By Felix Horne
Published June 4, 2016
Authorities are using both bullets and the courts to close off ways for Ethiopians to express their grievances peacefully.
The Government continues to lodged politically-motivated charges against prominent opposition politicians and others, accusing them of crimes under the country’s draconian counter-terrorism law.
Yonatan Tesfaye Regassa, the head of public relations for the opposition Semayawi Party (the Blue Party), has been charged with â€œplanning, preparation, conspiracy, incitement and attemptâ€ of a terrorist act. The authorities cited Yonatan Tesfaye Regassaâ€™s Facebook posts about public protests as evidence; he faces 15 years to life in prison, if convicted.
In April, Bekele Gerba, deputy chairman of the Oromo Federalist Congress (OFC), Oromiaâ€™s largest registered political party, and 21 others, including many senior OFC members, were charged under the counterterrorism law, four months after their arrest on December 23, 2015. Bekele Gerba is accused of having links with the banned Oromo Liberation Front, a charge frequently used by the government to target ethnic Oromo dissidents and others. Deeply committed to nonviolence, Bekele Gerba has consistently urged the OFC to participate in elections despite the ruling partyâ€™s iron grip on the polls. Bekele and the others have described horrible conditions during their detention, including at the notorious Maekalawi prison, where torture and other ill-treatment are routine.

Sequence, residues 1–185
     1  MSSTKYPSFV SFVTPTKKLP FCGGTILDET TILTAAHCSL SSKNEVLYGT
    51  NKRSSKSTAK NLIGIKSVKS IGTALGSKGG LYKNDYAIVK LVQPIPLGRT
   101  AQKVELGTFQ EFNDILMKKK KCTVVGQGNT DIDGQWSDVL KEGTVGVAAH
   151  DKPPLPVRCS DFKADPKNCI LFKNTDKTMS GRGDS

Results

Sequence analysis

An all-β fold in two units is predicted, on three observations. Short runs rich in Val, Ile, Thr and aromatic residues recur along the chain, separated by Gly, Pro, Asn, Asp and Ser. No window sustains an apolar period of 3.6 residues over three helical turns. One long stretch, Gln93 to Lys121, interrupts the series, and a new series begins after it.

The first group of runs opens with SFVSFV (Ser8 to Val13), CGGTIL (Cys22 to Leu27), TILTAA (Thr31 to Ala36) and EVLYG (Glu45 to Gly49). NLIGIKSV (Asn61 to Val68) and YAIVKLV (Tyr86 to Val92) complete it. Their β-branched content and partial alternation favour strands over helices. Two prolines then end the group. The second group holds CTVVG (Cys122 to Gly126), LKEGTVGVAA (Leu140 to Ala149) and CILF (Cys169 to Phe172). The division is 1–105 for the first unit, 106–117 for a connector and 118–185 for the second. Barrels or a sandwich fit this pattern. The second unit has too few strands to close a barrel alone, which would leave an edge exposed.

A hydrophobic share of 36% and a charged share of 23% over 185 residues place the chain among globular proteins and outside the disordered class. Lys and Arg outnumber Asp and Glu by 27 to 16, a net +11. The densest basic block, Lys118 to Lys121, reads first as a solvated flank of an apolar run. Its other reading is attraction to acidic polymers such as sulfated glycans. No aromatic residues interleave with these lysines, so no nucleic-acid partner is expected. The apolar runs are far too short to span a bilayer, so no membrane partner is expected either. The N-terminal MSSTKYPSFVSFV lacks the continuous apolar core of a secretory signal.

The authorities also charged 20 university students under the criminal code for protesting in front of the United States Embassy in Addis Ababa in March 2016. The â€œevidenceâ€ against them included a video of their protest and a list of demands, which included the immediate release of opposition leaders and others arrested for peaceful protests, and the establishment of an independent body to investigate and prosecute those who killed and injured peaceful protesters. They face three years in prison if convicted.
The Ethiopian government is sending a clear message when it charges peaceful protesters and opposition politicians like Bekele Gerba with terrorism. The message is that no dissent is tolerated, whether through social media, the electoral system, or peaceful assembly.
A Human Rights Watch article.